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Posts Tagged ‘charlie kaufman’

39. Down – Ghosts Along The Mississippi

Phil Anselmo’s a beast. The uncrowned prince of southern-tinged thrash metal and whatnot. Along with his merry band of traveling badasses (Pepper Keenan, Jimmy Bower and Rex Brown), he belts out one of the best metal ballads I’ve heard since forever. Yes it’s a ballad. Just that Anselmo’s narrative skills are really really scary. Just so you know, Down’s Bustle In Your Hedgegrow is a keeper.

38. Pharoahe Monch, Common & Talib Kweli – The Truth

Some folks sleep better at night, knowing that Hip Hop is only about silly braggadocio and profane limericks. Yeah sure, man. Metal’s all about “Fred Durst and his nookie”, Blues is nothing but an erstwhile John Mayer solo stuck in transit and hey, what is Jazz but a fleeting moment encapsulated inside those reverb-laden Buddha’s Bar albums, right? Wankers. Rappers Pharoahe Monch, Talib Kweli and Common turn their spittle into laidback conscious rhymes as ethereal strings dive bomb all around them.

37. Weezer – Brain Stew (Live at AOL Sessions)

The anthemic pop punk explosion of Green Day’s original is given a shock treatment by the underrated LA hipsters Weezer. They sedate the track into sounding like therapeutic murmurs that burst into full-blow argument in favour of insanity, thanks to a fantastic piano breakdown. Fun fact: Rivers Cuomo eats cookie-cutter punks like Billie Joe for breakfast.

36. Corrosion Of Conformity – Rise River Rise

I bet James Hetfield secretly wishes that Metallica had made America’s Volume Dealer instead of Corrosion Of Conformity. Soul-stirring, bone-crunching and flat-out amazing. Senor badass Pepper J. Keenan on vocal duties and rhythm guitar plays us like a fiddle, especially on this track.  Fun fact: Pepper Keenan burps out hags like Hetfield after a diet coke.

35. Mark Lanegan – Bombed

Mark Lanegan’s sandpaper-grated, whiskey-soaked vocals surface above the sparse acoustic strumming, along with PJ Harvey’s velveteen whispering, to create the sort of experience that a measly minute truly doesn’t deserve. Like QOTSA’s Lullaby but a million times better.

34. Jon Brion – Theme from ESOTSM

Jon Brion just happens to be one of the most talented multi-instrumentalists out there. His compositions for Eternal Sunshine of the Spotless Mind work wonders with Charlie Kaufman’s fantastic dialogues. Existentialism has never sounded lovelier.

33. Crowbar – To Touch the Hand of God / Odd Fellows Rest

I have wussied out and chosen Louisiana’s sludge kings Crowbar’s tamest and most palpable tracsk. Matter of fact, these could be the most fragile ballads to have ever emerged from the NOLA metal scene (along with COC’s Shelter). Not many completely fathom the unbridled intensity of their slow-paced, downtuned brooding, but it would take nothing short of busted eardrums to circumvent the breathtaking artistry of these two.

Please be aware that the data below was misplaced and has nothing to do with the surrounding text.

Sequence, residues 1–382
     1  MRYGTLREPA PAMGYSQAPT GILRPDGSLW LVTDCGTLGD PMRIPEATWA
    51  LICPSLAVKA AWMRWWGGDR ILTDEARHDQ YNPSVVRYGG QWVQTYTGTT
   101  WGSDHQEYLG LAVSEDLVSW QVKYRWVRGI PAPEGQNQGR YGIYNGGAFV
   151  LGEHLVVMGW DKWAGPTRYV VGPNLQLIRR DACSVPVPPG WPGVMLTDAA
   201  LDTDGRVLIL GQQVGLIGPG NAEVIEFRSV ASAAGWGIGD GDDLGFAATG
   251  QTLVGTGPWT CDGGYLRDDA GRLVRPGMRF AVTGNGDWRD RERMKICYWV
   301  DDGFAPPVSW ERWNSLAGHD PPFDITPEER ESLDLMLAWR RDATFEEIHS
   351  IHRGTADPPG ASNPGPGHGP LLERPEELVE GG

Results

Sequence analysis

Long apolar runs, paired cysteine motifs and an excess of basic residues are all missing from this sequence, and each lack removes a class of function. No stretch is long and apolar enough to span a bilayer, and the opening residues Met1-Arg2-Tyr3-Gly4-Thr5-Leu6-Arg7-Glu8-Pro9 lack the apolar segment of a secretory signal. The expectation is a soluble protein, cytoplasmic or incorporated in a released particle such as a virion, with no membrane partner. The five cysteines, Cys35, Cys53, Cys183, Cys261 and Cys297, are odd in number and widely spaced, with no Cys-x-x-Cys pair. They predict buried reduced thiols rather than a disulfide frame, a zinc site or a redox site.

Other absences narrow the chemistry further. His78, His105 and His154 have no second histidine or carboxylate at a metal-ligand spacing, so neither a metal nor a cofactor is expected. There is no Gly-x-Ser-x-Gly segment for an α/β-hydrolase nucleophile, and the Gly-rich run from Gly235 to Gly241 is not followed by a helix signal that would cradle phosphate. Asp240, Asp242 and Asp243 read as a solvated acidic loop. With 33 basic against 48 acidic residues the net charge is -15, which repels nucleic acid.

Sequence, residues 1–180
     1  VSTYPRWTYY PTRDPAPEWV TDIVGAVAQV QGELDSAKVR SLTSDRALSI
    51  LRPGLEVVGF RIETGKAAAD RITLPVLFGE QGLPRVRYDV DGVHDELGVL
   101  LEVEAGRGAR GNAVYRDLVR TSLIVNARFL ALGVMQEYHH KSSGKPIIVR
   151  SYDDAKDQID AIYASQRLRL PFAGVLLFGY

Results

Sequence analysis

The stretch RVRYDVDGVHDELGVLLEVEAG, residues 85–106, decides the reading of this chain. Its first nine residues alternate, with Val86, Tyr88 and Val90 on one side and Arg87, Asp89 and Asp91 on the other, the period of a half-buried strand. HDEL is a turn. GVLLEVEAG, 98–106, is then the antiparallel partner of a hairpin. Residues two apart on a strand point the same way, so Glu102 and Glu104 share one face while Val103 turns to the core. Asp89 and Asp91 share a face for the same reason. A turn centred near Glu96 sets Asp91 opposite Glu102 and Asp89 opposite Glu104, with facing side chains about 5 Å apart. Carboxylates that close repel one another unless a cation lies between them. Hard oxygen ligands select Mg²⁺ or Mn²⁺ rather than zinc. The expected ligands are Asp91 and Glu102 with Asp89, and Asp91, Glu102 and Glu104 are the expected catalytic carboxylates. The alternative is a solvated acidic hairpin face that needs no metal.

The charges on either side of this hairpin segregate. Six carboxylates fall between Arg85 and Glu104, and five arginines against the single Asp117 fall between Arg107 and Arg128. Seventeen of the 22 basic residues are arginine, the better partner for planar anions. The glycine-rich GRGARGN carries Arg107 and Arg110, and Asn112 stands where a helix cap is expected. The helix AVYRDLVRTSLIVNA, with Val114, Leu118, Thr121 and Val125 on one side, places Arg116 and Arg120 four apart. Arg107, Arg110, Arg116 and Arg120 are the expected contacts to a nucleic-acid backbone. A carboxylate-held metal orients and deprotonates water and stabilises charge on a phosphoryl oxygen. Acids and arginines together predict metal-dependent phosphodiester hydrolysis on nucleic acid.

32. Aceyalone and Goapele – Moonlit Skies

As a founding member of the Freestyle Fellowship, LA rapper Aceyalone was one of the forerunners of jazz rap. Goapele is one of those neo soul musicians who playfully messes around with downtempo and trip hop. Together they…yes, I do believe the word I’m looking for is magic.

31. The Eels – Hospital Food

In case you’re new around here, Mark Oliver Everett has my vote for any King of Pop list. I don’t know any other singer-songwriter since Lennon and probably Elliot Smith to a lesser extent who has been this consistently good. The 1998 album Electro Shock Blues has some of the most gloriously twisted pop music there ever was, with this track’s erstwhile saxophone meltdown providing its most cathartic moment. “He’s always got a problem, he’s a very bitter dude, and now he’s complaining ’bout his hospital food”.

30. Portishead – Only You (Live In Roseland)

Let it be known that Portishead’s Live In Roseland, NYC, is one of the best live albums of the Nineties. With the New York Philharmonic Orchestra backing her up, singer Beth Gibbons lovingly embraces her smoky bar-room mystique and launches into a bone-chilling version of this track.

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Tyson: I’d bought this thinking it was James Toback’s documentary. It turned out to be director’s Uli Edel straight-to-video take on Mike Tyson’s life. Truth be told, it was lame. Nothing that we haven’t read about on tabloids or stared at on E! and VH1 specials. Minor props to the Paul Winfield for his portrayal of Don King. He wore his Afro like only a king could.

great-buck-howardThe Great Buck Howard: First Charlie Bartnett, now this. Great. Maybe now I’ll listen to Metallica and wallow in abject mediocrity. Now look…there’s nothing wrong with The Great Buck Howard on paper. It’s got a nifty little story somewhere in there about people finding their place in the world. Several minutes of John Malkovichthe mentalist – ranting and raving about his place in pop culture. The dreamy damsel Emily Blunt is in there too, along with a cameo by the King of Mediocre Tom Hanks. However this film somehow just doesn’t cut the Chutney (I friggin hate mustard). It’s one of those independent films with mainstream actors that desperately hopes to appear quaint and quirky. But they end up being hasty and boring. The Great Buck Howard does a few things right though. You can send in your thank-you cards to John Malkovich. First, he almost saved Con Air. Now this. Waah what a man.